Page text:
Thor Falls After Profit Misses Estimates: Detroit Mover

Thor Industries Inc. (THO) fell the most in almost seven months after the maker of Airstream recreational vehicles and Champion buses reported a fiscal first-quarter profit that fell short of analysts’ estimates.

The shares slid 10 percent to $39.18 at 10:50 a.m. New York time after plunging 12 percent, the biggest intraday decline since May 3. The company had gained 59 percent this year through yesterday, while the Standard & Poor’s Midcap Consumer Discretionary Index rose 22 percent.

Thor, based in Jackson Center, Ohio, reported quarterly net income of $31 million, or 58 cents a share, in a statement after the markets closed yesterday. The average of six analysts’ projections compiled by Bloomberg was 62 cents a share for the period ended Oct. 31.

Sales of recreational vehicles are monitored as a sign of an improving economy because motor homes and travel trailers are discretionary purchases that consumers defer during a slump.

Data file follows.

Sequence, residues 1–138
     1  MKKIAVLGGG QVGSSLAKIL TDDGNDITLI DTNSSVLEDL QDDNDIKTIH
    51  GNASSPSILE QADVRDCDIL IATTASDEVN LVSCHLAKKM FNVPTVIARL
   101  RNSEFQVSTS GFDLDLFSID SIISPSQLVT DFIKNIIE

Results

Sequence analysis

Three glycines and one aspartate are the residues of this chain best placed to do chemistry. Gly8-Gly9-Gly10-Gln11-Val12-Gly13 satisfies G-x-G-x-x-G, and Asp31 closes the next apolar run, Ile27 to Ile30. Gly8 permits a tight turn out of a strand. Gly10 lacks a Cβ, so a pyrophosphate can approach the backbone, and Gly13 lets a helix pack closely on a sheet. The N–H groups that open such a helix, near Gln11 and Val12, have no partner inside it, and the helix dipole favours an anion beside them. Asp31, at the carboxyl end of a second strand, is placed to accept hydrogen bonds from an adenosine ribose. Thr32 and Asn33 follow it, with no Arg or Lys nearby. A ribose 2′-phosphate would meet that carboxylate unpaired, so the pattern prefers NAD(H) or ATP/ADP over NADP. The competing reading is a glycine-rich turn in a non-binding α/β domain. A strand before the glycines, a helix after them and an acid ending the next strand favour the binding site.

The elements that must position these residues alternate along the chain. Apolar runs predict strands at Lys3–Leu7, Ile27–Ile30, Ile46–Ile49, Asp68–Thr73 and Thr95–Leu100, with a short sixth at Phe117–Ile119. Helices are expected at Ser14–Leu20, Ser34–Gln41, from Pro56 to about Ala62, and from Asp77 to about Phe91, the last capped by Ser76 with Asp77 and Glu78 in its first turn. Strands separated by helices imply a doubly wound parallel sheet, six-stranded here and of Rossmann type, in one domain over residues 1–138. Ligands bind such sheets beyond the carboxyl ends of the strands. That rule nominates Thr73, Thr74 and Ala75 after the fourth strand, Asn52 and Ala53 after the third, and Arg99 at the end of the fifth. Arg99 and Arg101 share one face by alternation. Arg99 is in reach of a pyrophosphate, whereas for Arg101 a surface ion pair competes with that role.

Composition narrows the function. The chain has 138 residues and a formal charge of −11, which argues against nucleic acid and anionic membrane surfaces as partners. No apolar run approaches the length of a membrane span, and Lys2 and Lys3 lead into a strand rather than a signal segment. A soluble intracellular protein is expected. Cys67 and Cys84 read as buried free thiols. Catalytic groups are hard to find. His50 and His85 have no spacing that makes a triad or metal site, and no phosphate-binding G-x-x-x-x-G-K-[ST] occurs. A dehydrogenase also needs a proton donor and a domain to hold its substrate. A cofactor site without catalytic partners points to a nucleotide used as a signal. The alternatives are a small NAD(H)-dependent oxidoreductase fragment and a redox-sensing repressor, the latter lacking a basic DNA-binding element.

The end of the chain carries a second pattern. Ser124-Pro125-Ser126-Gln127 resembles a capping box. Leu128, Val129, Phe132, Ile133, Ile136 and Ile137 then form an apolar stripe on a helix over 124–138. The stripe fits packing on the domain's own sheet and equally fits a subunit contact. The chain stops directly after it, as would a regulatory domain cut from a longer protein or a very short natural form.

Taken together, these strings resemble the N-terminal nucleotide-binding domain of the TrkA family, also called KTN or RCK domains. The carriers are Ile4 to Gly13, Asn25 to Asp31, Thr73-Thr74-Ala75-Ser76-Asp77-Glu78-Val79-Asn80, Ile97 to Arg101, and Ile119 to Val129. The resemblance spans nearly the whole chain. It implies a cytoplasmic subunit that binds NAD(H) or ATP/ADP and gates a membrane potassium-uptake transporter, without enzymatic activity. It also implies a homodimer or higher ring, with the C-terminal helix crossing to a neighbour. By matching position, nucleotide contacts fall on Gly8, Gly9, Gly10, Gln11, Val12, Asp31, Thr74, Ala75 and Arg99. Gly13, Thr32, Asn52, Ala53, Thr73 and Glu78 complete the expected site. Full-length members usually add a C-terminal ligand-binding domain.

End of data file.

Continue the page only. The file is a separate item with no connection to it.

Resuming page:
“The RV and bus markets remain very competitive, with heightened discounting and aggressive bidding affecting sales and margins,” Chief Operating Officer Bob Martin said in yesterday’s statement.

The company said in preliminary quarterly results on Nov. 5 that quarterly sales increased 30 percent, which spurred the shares to gain 10 percent the following day.

To contact the reporter on this story: Bill Koenig in Southfield, Michigan, at wkoenig@bloomberg.net

To contact the editor responsible for this story: Jamie Butters at jbutters@bloomberg.net

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